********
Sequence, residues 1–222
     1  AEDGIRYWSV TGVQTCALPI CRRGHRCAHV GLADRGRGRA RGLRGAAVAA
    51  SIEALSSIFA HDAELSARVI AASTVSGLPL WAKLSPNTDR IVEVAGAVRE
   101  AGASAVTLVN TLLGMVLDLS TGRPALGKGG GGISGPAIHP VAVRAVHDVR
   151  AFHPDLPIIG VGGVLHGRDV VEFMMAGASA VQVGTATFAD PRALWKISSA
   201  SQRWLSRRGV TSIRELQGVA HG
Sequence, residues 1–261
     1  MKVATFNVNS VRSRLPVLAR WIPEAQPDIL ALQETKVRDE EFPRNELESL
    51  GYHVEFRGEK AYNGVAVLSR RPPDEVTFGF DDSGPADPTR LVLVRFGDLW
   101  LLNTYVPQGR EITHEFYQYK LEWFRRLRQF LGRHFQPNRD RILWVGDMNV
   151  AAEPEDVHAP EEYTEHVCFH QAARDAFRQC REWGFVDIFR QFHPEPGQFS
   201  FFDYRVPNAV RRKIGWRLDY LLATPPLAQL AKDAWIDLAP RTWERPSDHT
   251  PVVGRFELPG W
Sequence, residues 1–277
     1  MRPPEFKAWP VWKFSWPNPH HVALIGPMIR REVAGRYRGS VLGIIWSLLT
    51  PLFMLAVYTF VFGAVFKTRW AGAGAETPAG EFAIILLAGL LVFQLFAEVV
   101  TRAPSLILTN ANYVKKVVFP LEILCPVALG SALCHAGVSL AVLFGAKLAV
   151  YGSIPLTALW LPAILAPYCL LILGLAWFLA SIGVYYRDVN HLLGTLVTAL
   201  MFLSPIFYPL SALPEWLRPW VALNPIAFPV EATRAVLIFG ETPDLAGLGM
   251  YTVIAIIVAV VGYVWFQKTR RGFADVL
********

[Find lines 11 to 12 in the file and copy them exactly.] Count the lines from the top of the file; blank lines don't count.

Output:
   151  AAEPEDVHAP EEYTEHVCFH QAARDAFRQC REWGFVDIFR QFHPEPGQFS
   201  FFDYRVPNAV RRKIGWRLDY LLATPPLAQL AKDAWIDLAP RTWERPSDHT